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Making Connections: Mississippi History as American History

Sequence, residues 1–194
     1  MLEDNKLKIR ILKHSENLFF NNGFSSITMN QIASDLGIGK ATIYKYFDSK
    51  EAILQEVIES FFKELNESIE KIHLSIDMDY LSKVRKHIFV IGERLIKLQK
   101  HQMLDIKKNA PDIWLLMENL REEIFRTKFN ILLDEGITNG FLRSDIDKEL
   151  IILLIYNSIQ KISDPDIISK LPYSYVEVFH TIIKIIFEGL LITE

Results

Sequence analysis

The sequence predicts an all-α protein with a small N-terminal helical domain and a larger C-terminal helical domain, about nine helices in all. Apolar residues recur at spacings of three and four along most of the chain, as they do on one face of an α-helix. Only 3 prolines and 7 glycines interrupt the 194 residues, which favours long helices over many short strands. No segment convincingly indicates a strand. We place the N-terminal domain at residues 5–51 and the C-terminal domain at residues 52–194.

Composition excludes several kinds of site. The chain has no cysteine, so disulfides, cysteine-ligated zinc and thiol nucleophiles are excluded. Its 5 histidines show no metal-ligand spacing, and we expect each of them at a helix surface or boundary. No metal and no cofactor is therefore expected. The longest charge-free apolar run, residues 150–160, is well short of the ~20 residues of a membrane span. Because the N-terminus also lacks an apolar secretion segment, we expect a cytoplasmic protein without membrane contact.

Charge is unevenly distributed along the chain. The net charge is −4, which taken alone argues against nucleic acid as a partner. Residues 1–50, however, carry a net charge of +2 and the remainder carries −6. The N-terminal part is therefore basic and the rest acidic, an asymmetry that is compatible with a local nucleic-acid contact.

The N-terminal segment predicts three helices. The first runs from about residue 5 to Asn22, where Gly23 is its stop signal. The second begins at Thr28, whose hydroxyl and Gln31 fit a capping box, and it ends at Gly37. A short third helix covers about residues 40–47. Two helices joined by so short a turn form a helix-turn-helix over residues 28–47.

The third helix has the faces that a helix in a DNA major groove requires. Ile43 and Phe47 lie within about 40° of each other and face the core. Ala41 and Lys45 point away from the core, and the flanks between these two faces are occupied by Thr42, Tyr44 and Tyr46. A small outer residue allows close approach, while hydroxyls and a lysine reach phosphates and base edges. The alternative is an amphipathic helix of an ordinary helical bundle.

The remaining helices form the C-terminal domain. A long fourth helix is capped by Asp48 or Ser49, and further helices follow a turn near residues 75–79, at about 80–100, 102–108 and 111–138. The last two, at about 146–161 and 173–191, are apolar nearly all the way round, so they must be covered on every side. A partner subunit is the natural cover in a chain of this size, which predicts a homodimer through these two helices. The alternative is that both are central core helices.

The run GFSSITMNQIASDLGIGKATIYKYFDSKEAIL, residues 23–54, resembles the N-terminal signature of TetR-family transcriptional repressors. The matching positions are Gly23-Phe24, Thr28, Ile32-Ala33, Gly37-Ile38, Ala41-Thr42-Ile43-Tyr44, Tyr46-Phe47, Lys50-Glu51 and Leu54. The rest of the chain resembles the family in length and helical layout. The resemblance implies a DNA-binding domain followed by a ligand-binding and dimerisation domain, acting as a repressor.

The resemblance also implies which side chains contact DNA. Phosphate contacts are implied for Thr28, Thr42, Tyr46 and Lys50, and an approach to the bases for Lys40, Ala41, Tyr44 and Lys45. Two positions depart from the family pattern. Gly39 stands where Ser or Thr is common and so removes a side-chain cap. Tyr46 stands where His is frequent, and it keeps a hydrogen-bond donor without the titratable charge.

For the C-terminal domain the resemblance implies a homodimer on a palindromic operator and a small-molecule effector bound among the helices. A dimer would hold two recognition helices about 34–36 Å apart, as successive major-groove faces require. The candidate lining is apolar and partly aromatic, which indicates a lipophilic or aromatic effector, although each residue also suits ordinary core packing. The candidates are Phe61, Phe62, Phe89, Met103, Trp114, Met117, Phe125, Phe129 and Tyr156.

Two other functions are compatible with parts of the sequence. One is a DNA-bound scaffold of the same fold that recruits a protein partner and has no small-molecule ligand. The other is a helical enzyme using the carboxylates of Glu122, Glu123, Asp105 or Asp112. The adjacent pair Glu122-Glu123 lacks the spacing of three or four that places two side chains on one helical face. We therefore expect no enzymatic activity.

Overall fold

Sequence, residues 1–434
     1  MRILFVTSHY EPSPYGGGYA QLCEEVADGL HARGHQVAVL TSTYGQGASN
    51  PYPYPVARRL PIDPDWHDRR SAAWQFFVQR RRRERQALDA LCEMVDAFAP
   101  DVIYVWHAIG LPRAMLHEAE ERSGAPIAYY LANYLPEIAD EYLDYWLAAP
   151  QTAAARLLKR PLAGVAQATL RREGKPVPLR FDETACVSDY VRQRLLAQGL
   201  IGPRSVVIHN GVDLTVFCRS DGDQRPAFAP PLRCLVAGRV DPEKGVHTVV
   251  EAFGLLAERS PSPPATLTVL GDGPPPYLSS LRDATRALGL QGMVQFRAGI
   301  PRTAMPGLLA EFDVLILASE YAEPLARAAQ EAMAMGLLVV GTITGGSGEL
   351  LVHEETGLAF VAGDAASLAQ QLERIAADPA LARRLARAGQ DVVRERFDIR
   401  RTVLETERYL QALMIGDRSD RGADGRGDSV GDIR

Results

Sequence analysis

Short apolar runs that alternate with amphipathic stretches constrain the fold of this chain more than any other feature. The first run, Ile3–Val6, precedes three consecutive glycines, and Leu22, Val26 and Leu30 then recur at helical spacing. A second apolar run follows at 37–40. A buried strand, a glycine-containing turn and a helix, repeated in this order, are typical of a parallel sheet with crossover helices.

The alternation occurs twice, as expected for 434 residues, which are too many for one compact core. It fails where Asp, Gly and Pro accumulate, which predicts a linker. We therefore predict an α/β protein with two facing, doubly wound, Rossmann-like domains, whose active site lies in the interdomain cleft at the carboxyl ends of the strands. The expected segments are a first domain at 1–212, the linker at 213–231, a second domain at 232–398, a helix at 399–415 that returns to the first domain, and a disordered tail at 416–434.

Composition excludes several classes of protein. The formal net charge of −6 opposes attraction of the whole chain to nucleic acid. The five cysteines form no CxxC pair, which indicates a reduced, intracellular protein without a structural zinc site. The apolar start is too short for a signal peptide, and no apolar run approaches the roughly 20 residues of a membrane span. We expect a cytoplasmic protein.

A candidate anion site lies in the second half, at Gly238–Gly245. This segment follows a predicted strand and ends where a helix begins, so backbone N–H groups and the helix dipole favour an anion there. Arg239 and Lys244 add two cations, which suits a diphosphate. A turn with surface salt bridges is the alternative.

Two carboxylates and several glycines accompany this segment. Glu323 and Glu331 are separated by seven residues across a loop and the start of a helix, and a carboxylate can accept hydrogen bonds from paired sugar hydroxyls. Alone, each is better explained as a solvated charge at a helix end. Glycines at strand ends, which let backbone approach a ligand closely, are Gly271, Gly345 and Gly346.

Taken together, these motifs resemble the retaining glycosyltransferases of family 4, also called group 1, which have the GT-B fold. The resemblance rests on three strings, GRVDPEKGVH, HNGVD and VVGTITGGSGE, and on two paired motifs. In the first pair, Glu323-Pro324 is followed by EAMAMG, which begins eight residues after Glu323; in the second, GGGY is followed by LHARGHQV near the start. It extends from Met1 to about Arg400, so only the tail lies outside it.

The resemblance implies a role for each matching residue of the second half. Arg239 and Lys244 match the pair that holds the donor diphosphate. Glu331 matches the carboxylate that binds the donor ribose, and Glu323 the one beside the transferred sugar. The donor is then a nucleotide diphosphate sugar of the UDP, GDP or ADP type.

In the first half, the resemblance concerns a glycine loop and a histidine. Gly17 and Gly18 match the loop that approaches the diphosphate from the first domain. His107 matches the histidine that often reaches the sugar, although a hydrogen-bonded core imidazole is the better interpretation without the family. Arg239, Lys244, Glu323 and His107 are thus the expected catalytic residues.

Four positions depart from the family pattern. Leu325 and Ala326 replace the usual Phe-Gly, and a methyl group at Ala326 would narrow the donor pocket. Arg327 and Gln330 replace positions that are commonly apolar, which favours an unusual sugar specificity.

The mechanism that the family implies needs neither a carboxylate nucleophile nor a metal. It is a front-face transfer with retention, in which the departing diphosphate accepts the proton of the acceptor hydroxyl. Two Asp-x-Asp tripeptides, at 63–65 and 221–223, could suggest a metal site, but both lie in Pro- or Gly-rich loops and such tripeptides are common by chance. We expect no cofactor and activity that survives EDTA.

In Mississippi schools, students do not learn about post-1877 U.S. history prior to the 11th grade, and few teachers know about or teach the important role Mississippi played in major events like the Civil War, Reconstruction and the civil rights movement. In this project, nationally known and local historians will lead teachers in 2-week summer institutes. Teachers also will attend four workshops each semester and meet once per week (online or in person) to engage in critical dialogue around content and pedagogical understandings and challenges. The project will involve two cohorts of 25 teachers (Years 1-2 and Years 3-4). In Year 5, five new teachers will join 20 teachers from the first two cohorts. Teachers from area districts also can attend open workshops. The content will increase teachers' knowledge of significant turning points in U.S. history and how these events have reflected, influenced or contradicted principles of freedom and democracy. The teachers will explore how the project themes connect with Mississippi history. In addition to broadening their content knowledge, teachers will engage in hands-on classroom activities to improve historical inquiry, critical thinking, cross-curricular connections and reflective practice. The strategies will be built around school-based inquiry, continuous improvement and critical dialogue. Teachers will work in professional learning communities to examine content critically and to evaluate their lesson plans, pedagogy and student work in the light of authentic assessments. A Web site will host teacher-developed products, including field-tested primary source activities and lesson plans.

 
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